Lately it seems like people can’t get enough of a good lie. From true crime documentaries about the fraudulent Fyre Festival or dating app con man the Tinder Swindler to “Inventing Anna,” Shondaland’s dramatization of grifter Anna Sorokin, these stories of liars, grifters and cheats are nearly ubiquitous.
But stories about deception have been around since people first started telling tales around the campfire, so why have these films and TV shows become so popular recently?
To some extent these stories are an extension of the true crime wave, says Laurel Ahnert, an assistant teaching professor of media and screen studies at Northeastern. What is successful will continue to be successful, as producers capitalize on what people are consuming. But that doesn’t exactly explain why people are so fond of fraudulent fiction in the first place.
Ahnert says these stories are likely hitting a nerve with audiences because they speak to a “post-postmodern” concern: What is the truth in a world filled with lies?
“Lies can be just as impactful as the truth, and I think it’s registering a broader common anxiety about what happens after postmodernism,” Ahnert says. “It’s still an attachment to truth and a strong desire for truth, and I think what these shows and films register is a desire for ‘There must be truth in there somewhere. Expose the liar and get to the truth, to some degree.’”
At a time when many Republican politicians still believe former President Donald Trump’s “Big Lie” and disinformation spreads like wildfire online, there’s a perverse appeal in stories that put the liar front and center. Similar to the broader true crime genre, Ahnert says, there is a “weird doubleness” to what these films and TV shows give viewers, especially women, who make up the majority of true crime consumers.
“We’re in a world where everything is mediated and people want their fears affirmed and acknowledged back to them: that the world is much less trustworthy than it seems to be or that someone could be catfishing them,” Ahnert says. “It’s both acknowledging but amplifying those anxieties.”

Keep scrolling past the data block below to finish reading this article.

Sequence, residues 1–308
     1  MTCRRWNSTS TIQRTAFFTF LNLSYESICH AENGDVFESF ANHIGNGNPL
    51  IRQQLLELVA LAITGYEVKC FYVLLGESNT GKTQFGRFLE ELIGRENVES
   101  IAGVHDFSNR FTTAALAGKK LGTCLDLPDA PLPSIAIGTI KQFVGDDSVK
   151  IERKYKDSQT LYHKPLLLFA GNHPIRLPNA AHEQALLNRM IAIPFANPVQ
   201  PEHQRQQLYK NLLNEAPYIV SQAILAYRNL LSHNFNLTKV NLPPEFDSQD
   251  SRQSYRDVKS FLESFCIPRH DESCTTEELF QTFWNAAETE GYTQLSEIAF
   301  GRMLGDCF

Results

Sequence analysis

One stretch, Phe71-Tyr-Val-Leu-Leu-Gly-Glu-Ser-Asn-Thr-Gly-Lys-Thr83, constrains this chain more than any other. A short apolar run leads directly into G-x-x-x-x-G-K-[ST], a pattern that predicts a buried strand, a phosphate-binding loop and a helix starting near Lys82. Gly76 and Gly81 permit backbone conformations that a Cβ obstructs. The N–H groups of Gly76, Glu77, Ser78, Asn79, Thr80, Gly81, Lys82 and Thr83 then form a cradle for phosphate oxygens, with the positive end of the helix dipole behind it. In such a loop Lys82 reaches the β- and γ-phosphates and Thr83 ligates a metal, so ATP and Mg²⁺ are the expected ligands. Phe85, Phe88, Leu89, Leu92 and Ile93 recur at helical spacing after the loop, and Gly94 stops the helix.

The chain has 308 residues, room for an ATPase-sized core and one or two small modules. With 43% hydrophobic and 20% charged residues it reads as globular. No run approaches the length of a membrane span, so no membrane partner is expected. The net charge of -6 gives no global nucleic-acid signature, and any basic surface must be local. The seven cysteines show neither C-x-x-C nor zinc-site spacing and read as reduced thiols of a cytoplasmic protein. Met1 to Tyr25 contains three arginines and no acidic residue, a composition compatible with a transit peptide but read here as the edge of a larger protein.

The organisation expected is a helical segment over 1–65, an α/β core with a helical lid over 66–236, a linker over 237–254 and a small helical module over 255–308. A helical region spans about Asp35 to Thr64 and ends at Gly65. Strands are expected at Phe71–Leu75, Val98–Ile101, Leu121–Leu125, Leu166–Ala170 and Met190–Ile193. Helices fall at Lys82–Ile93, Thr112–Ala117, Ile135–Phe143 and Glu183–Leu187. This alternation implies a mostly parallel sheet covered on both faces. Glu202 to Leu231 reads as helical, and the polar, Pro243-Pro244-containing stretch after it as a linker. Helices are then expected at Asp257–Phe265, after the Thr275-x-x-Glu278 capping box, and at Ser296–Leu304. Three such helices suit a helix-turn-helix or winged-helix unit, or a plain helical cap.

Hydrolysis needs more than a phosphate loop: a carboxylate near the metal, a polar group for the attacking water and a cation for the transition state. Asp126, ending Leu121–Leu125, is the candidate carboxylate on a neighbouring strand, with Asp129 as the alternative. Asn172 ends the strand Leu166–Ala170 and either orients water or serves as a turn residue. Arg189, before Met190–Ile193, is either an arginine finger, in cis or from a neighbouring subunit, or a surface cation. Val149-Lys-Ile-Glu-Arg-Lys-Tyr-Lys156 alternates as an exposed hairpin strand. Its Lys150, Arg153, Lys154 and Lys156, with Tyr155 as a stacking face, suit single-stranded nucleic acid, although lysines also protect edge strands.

William Sharp, an associate teaching professor of psychology at Northeastern, argues that these stories might also be a form of wish fulfillment for viewers, some of which is by design. Netflix’s “Inventing Anna” makes its central character, a Russian-born grifter who tricks New York City’s elite into thinking she is a rich German heiress, into a kind of Robin Hood figure. Despite Anna’s nationality, it’s a very American story about a self-made striver and underdog that is, as with many of these stories, easy to buy into, Sharp says.
“Television … or movies help us get a little bit of a release,” Sharp says. “We identify with the characters on the screen, so when characters on the screen get away with stuff, it’s almost like we did.”
By watching characters lie, cheat and steal, Sharp says we as the viewer can distance ourselves from the behavior while also acknowledging that–maybe, just maybe–we’d like to do it too. It’s a feat of psychological gymnastics.
“What is it that we’re disavowing of our own nature by labeling and calling the problem out over there?” Sharp says. “… Really what [we] want to say is, ‘I wish I was that person,’ but it comes out as, ‘I’m not that person. That’s not me.’ That’s a psychological flip.”
But the appeal of these stories might go even deeper than that. It turns out lying might be in our genes, says Don Fallis, a professor of philosophy and computer science.
Fallis points to the Machiavellian intelligence hypothesis, a still-debated concept in primatology, that posits the reason humans evolved the way they did was through social engagement and primitive forms of Machiavellian scheming. Early humans developed into social groups, which required more sophisticated social cognition to navigate. Those who worked their way up the social ladder had a higher chance of reproductive success, which is where lying comes into play.
“In that sort of situation, you start to develop motivations to keep other members of your group in the dark about what you have done or haven’t done,” Fallis says. “Then, as a result, you develop means to detect when other people in the group are not being what they appear to be. The Machiavellian Hypothesis is essentially that this situation fosters this arms race of getting better at deception and getting better at detecting deception.”
The hypothesis is far from a “settled story,” Fallis admits. But whether we’re watching the complex deceptive duels in Game of Thrones or the real-world cons pulled by the Tinder Swindler, Fallis says it’s hard to deny how naturally appealing these stories are for audiences.
“It’s not just that we’re liars and deceivers so we’re interested in reading fiction about liars and deceivers,” Fallis says. “It’s that lying and deception may be core to why we’re humans in the first place, and it’s certainly an important part of what makes us adult human beings.”